When was the last time you read the Gospel of John all the way through or the book of Isaiah from start to finish? Intratextuality realizes that authors have a story to tell.  They develop their own themes, motifs, characters, and plot.  The best way to understand a verse or a specific passage is to read the rest of the book, and let the author develop his own ideas, themes, and narrative.

Step #3: Move to Intertextuality.

The sixty-six books of the Bible are not disparate accounts.  They fit into a greater narrative–a metanarrative–of who God is and what he is doing.  Each author in Scripture understood that he fit into the greater story of God’s people, and he wrote in view of what God had already revealed.  What I mean is, Isaiah knew Genesis, Exodus, Leviticus, and so on, and his book connects to these books that came before it.  Matthew writes in view of the entire Old Testament.  Paul’s letters connect to the Gospel accounts, Acts, and the Old Testament.

On top of this, 2 Peter tells us, “No prophecy was ever produced by the will of man, but men spoke from God as they were carried along by the Holy Spirit.”  Every book of the Bible has two authors–one Divine and one human.  The Holy Spirit threaded connections through the entire 66 book canon.  So, after you have read the immediate context of your passage, look for connections in other books.  This is what we call intertextuality.

I preached on Psalm 95 this week.  I spent a long time studying, reading, and re-reading.  However, when I finished meditating and thinking on the verses of the Psalm, I was able to turn to Hebrews 3 and 4, where the author specifically explains the significance of Psalm  95 for Christians.  This is the benefit of intertextuality.  You may not always have such a direct connection, but chances are that even the shortest of passages will have at least one connection to another book of the Bible.

Step #4: Finish with Extra-textuality.

This is the LAST step.  Not the first.  One of the unfortunate things about some commentators and preachers is that they begin here when this is where you should finish.  After you have put in all of the hard work reading and re-reading the surrounding context of a verse, and after you have looked for connections in the rest of God’s Word, then consult extra historical background information. Honestly, if you get steps 1-3 right, you may not even need step 4 95% of the time.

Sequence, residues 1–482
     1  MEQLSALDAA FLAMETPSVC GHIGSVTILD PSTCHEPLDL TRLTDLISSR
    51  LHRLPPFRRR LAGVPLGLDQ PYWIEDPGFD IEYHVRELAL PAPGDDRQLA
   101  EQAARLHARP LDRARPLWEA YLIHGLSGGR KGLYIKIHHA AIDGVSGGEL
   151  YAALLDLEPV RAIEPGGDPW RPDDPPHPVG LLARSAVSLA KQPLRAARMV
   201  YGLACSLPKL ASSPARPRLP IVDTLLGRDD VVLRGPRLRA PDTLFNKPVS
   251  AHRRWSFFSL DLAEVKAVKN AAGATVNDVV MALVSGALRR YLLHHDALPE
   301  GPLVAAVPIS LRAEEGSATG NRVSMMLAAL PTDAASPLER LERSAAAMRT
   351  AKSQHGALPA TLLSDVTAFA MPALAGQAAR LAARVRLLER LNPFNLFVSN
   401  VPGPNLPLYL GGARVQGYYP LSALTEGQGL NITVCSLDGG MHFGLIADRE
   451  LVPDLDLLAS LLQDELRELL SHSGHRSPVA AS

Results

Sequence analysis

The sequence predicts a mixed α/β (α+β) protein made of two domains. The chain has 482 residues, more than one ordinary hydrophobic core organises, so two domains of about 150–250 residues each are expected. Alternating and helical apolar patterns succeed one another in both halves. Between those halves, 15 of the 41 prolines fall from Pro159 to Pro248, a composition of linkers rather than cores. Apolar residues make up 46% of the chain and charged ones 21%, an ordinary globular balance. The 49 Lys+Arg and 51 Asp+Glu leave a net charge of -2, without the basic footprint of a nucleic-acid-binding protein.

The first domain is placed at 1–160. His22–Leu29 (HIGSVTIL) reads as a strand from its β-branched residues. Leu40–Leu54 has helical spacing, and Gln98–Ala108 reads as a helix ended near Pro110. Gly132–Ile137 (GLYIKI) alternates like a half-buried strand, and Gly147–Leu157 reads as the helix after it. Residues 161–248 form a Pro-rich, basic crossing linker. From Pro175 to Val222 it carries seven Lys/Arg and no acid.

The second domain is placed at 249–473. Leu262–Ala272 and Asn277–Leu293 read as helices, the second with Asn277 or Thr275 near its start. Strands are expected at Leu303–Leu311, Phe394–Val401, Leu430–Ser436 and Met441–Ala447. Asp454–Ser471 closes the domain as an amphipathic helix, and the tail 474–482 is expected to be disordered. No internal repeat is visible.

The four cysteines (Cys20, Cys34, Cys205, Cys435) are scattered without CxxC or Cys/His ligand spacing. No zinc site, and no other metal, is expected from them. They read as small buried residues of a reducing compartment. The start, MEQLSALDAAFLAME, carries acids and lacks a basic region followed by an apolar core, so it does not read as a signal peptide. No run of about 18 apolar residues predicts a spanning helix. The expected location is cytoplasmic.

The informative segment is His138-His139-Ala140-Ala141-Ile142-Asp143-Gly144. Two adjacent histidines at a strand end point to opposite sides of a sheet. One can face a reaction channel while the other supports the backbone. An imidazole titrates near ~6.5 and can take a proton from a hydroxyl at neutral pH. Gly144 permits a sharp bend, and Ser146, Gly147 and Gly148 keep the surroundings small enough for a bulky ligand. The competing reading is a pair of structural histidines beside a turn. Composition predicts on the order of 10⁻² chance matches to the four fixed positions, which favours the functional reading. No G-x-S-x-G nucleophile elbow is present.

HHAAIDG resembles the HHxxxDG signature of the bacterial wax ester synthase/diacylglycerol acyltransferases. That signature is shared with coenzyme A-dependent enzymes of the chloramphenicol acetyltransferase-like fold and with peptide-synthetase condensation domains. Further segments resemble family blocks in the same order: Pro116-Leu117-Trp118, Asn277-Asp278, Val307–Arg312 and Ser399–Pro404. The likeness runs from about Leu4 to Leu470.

Step #5: Talk to other Believers.

The Word of God was given to the people of God.  1 John tells us that “If we walk in the light, as he is in the light, we have fellowship with one another, and the blood of Jesus his Son cleanses us from all sin” (1 John 1:7).  When you become a Christian, you enter into fellowship with every other believer in the history of God’s people.  The same Spirit who is leading you to truth is also leading your brothers and sisters into that same truth and has been leading God’s people to grow in wisdom and understanding for generations and generations.  Talk to those brothers and sisters about the Bible.  Read books by those who went before you.  Have the humility to allow the Spirit to steer and guide your understanding of Scripture through the reading and experience of your brothers and sisters in Christ.  The fellowship of other believers is a gift to you.  They are meant to help keep you on the lighted path along our pilgrim journey.


It is important to keep in mind that the actual words of the the Bible are king.  I don’t care what kind of background historical bonus mumbo jumbo some commentary or blogger may insist lies behind the text.  We live “by every word that comes from the mouth of God” (Matthew 4:4).  The words give life, and we trust the words that are written over and above all of the words that some teachers or writers may insist are “hidden between the lines”.  Here’s a good rule of thumb:

Intratextuality > Intertextuality > Extra-textuality

You can do it!  You don’t need a whole book bag of books or a computer screen to read the Bible.  Get in those pages and hear the voice of God.  Read it.  Reread it.  Be okay with not understanding every word.  Trust that Jesus’ promise shall not fail: “The Helper, the Holy Spirit, whom the Father will send in my name, he will teach you all things and bring to your remembrance all that I have said to you” (John 14:26).  And remember: Christ is the center of the Bible.  Everything–whether Old or New Testament–connects to Him.

(photo credit)

Published by Chad C. Ashby

Instructor of Literature, Math, and Theology at Greenville Classical Academy Greenville, SC